the origins of my family's surname. Whether this satisfies Rev. Nurse, or
anyone else outside of my Clan is of little importance, as it is the
long-held traditional account of our origins and is no more or less provable
than the traditional origins of any Clan whose roots go back before the days
of printed history when legends of ancestors were passed from one generation
to the next as oral history.

Steven Akins of that Ilk
sja...@bellsouth.net

Akins of that Ilk

unread,
May 19, 2000, 3:00:00 AM5/19/00
to

Shawn Kilpatrick wrote in message <8g3gia$krl$1...@cougar.golden.net>...

>
>Akins of that Ilk wrote in message ...
>
>>I would be very interested in seeing for myself what Tim has come up with
>>and would be happy to answer any of his points, however it seems that my
>>server has not posted his message, due perhaps to its length. If anyone
>>would care to e-mail his posting to me, I will be happy to post my
rebuttal
>>on the ng.
>
>
>How odd. Your server seemed to have no trouble with the two 17K messages
>you yourself posted on May 12, or the 37K message you posted on the 14th,
or
>any of your other tedious, long-winded barrages of bafflegab. Or perhaps,
O
>Big Whiner, you're feeling the need to stall, now that your bluff has been
>called most meticulously by Rev. Nurse?


Hardly. My own server drops my lengthier posts as well. As for Rev. Timmy's
research, I have already sent my rebuttal since receiving a copy of it in my
e-mail, courtesy of James Oliver and several others.

Akins of that Ilk

unread,
May 19, 2000, 3:00:00 AM5/19/00
to

Lesley Robertson wrote in message <8g3ja2$e6u$1...@news.tudelft.nl>...


It happens to be a fact that historically Scots have only used a very small
group of names to baptise their children with. Amongst girls, these are
Agnes, Ann, Barbara, Elizabeth (or Elspeth), Isabell (or Isobel), Margaret,
Marjorie, Mary, Nancy, Rachel, Rebecca, etc. In order to get 12 Margaret
Aikins in one parish in 10 years is no problem when you consider that in the
past families had between 8 and 10 or more children and would rename each
generation using the same limited set of names as the generation before. So,
if you had a mother named Margaret Aikine who had 10 children in 1600, and
say five of which would have been boys, then each of these boys would have
in turn gone on to father 8,10, or 12 children of his own, making certain to
name at least one of his daughter's Margaret, after his mother, and so on
and so forth, until within a very few generations of living in the same
parish, you will have dozens of Margaret Aikines running about.

Rev Timothy N Nurse

unread,
May 19, 2000, 3:00:00 AM5/19/00
to
In article <TUcV4.6584$QZ3.2...@news2.mia>, "Akins of that Ilk"
<sja...@bellsouth.net> wrote:


<Hardly. My own server drops my lengthier posts as well. As for Rev. Timmy's
<research, I have already sent my rebuttal since receiving a copy of it in my
<e-mail, courtesy of James Oliver and several others.

..and a real scream it was too Steven. I will address it shortly.

Akins of that Ilk

unread,
May 19, 2000, 3:00:00 AM5/19/00
to

Rev Timothy N Nurse wrote in message ...
>In article <TUcV4.6584$QZ3.2...@news2.mia>, "Akins of that Ilk"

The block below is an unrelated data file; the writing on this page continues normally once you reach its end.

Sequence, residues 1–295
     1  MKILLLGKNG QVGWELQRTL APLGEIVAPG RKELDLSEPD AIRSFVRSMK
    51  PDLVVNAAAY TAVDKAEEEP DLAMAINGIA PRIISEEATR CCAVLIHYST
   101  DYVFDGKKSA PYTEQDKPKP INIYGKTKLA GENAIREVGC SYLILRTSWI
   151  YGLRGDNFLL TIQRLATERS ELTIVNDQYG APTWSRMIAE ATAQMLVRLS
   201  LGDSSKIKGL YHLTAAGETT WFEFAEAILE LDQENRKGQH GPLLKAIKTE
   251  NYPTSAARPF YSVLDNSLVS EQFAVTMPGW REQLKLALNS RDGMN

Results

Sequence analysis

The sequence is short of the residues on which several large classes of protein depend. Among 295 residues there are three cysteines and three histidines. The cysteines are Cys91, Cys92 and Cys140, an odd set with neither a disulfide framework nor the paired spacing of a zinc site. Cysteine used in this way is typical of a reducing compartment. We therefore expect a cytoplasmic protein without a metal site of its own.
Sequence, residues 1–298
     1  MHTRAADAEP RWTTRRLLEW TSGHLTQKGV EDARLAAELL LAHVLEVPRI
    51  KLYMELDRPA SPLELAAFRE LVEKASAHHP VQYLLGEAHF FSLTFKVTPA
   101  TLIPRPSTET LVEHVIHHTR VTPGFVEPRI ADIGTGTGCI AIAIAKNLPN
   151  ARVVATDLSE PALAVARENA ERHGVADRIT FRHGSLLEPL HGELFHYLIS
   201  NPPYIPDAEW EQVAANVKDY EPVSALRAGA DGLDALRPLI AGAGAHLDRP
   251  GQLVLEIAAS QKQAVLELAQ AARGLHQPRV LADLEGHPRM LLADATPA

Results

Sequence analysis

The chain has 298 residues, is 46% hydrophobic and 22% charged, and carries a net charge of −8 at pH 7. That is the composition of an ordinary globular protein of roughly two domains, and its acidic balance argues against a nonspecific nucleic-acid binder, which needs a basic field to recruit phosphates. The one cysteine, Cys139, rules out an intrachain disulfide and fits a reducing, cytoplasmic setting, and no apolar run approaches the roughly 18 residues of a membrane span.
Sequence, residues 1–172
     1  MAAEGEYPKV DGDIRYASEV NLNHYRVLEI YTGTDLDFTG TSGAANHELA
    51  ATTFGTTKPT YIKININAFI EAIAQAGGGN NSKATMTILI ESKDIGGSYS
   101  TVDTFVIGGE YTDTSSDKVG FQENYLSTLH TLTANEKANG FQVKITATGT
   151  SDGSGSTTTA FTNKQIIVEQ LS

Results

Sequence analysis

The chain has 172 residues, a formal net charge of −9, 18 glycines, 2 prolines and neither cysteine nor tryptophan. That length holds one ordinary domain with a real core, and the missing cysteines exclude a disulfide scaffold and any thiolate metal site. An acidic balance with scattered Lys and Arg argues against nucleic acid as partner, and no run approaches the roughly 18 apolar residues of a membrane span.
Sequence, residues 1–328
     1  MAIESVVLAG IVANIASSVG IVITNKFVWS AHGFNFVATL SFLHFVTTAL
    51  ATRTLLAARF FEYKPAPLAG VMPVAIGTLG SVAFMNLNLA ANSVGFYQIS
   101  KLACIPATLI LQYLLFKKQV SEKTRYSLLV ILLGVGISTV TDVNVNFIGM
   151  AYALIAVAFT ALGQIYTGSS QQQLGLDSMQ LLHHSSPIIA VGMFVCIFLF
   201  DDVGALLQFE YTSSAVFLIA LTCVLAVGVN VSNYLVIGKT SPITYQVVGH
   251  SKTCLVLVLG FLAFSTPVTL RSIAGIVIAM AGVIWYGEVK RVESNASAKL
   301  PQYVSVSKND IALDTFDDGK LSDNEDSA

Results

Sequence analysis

><sja...@bellsouth.net> wrote:
>
>
> <Hardly. My own server drops my lengthier posts as well. As for Rev.
Timmy's
> <research, I have already sent my rebuttal since receiving a copy of it in
my
> <e-mail, courtesy of James Oliver and several others.
>
>..and a real scream it was too Steven. I will address it shortly.


If it is anywhere near the length of the other, please e-mail me a copy, as
my server did not even post my rebuttal to your "findings" due to the
lengthy amount of material not snipped. I'm sure that Anne Jackson is
cursing us both.

James William Oliver

unread,
May 19, 2000, 3:00:00 AM5/19/00
to

"Akins of that Ilk" <sja...@bellsouth.net> wrote in message
news:8ceV4.6697$QZ3.2...@news2.mia...

>
> Rev Timothy N Nurse wrote in message ...
> >In article <TUcV4.6584$QZ3.2...@news2.mia>, "Akins of that Ilk"

> ><sja...@bellsouth.net> wrote:
> >
> >
> > <Hardly. My own server drops my lengthier posts as well. As for Rev.
> Timmy's
> > <research, I have already sent my rebuttal since receiving a copy of it
in
> my
> > <e-mail, courtesy of James Oliver and several others.
> >
> >..and a real scream it was too Steven. I will address it shortly.
>
>
> If it is anywhere near the length of the other, please e-mail me a copy,
as
> my server did not even post my rebuttal to your "findings" due to the
> lengthy amount of material not snipped. I'm sure that Anne Jackson is
> cursing us both.

If long messages are causing problems on news servers I would be willing to
serve as an intermediate for those who cannot pull down or send postings.
If you wish to do this, please E-mail your request to j...@st-and.ac.uk and I
will forward the post to the St Andrews University News Server (which I use
and all of my posts get through) or to whomever you request.
I can guarentee quick delivery of messages for the next 6 hours or so
(after which I'll be in bed) and for part of tomorrow as I have an exam
(which I'm studying for tonight).

Alternative you could use www.deja.com and look up the alt.scottish.clans
forum

Regards

James

Ian J McKiver

unread,
May 19, 2000, 3:00:00 AM5/19/00
to
Timothy,
my son is named Kyle (after the Kyle of Lochalsh, which I have
visited many times for work purposes). When I researched the name I found three
meanings. One was 'a seawater Loch', the other 'a church by a Loch' and a third
'Gaelic for handsome'. For the record, I think of my son as 'handsome' rather than
as 'a stretch of seawater' <G>. I recall a (drunken) conversation with a local who
said that Kyleakin (there pronounced as K'lakan) was named for the Kyle and just
meant 'near to' or 'the other side' (describing the route of the ferry). Of course,
it does beg the question as to where DunAkyn took its name.
Cheers,
ian.

Ian J McKiver

Rev Timothy N Nurse

unread,
May 19, 2000, 3:00:00 AM5/19/00
to
In article <8ceV4.6697$QZ3.2...@news2.mia>, "Akins of that Ilk"